However, Alexander Lukashenko stressed, the government had interfered in the process. “We now keep an eye on home waiting lists, we have restored these lists, while no other country has retained them. We have waiting lists for people without homes and people in need of better housing. We control the prices — they are half of the market ones. We give loans with preferential interest rates to young Belarusians. That is we are trying to control prices for public welfare homes”, said the president.

    Yet prices for all kinds of homes are on the rise. There are also objective reasons such as higher energy prices as well as higher prices for construction materials, the cost of restoring the civil engineering industry, which will be accomplished only at the end of this five-year period. “You remember in the early 1990s nothing was built, construction companies were closed down. Now we have to revive the construction industry anew, with the cost covered by end consumers”, said the head of state.

    “But people and I have a lot of questions to ask the government and the construction companies themselves. In the near future we will table the issues. People will be informed about the decision we will arrive at”, stressed the president. “We will see what can be done with the prices, though the prices in Belarus are already at its lowest, as the government is interfering in the process”, said Alexander Lukashenko.

    The President stated, low construction costs entail low salaries for construction workers, low prices for construction materials, while “the construction materials industry also has people to feed and facilities to upgrade”. “It should be understood that low prices bring some positive effect, but we have to deprive someone of their due share”, noted the president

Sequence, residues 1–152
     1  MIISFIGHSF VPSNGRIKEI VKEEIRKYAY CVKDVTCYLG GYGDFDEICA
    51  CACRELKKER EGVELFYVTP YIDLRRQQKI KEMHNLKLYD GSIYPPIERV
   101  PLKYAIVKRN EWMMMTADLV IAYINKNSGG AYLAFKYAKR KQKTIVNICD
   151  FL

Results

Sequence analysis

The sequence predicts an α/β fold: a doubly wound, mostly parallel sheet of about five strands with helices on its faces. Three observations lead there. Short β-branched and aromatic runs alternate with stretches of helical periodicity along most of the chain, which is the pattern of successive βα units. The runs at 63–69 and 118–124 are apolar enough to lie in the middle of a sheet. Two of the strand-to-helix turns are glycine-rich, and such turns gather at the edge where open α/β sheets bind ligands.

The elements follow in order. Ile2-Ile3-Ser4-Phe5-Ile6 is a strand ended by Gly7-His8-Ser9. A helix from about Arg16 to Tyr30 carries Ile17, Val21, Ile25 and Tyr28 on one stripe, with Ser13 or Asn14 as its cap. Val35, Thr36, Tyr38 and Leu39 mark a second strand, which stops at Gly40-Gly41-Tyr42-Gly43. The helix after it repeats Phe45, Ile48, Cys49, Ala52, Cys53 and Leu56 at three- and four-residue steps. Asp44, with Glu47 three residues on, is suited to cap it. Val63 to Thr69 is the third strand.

Commenting on the results of his recent visit to Oman and India, Alexander Lukashenko pointed out that in Oman the Belarusian delegation became acquainted with the potentialities of that country and identified the long-term avenues of bilateral cooperation. As regards India, Alexander Lukashenko underscored that “this is a colossal country and an enormous market.” In his words, India is prepared for a serious presence of Belarus in its market. A clear indication of that is the proposal by the Indian leaders to increase the trade turnover with our country up to US$ 500 million by the year 2010.

    The media representatives were also keen to know why the agreements with some countries on drawing investments had not always been duly materialized. Replying to the question, the Head of State said: “Investments are not the main things today, the main things are projects.”

    He explained that foreign investors often propose the projects whose terms are not suitable for our state, for instance, projects without paying taxes. Another reason behind the failure to materialize some projects is sluggishness and bureaucratism of Belarusian officials.

    Over 10.7 billion rubels transferred to local budgets as result of national subbotnik

    From: Naveny
    A painting titled "Lenin at subbotnik" was later used as a stamp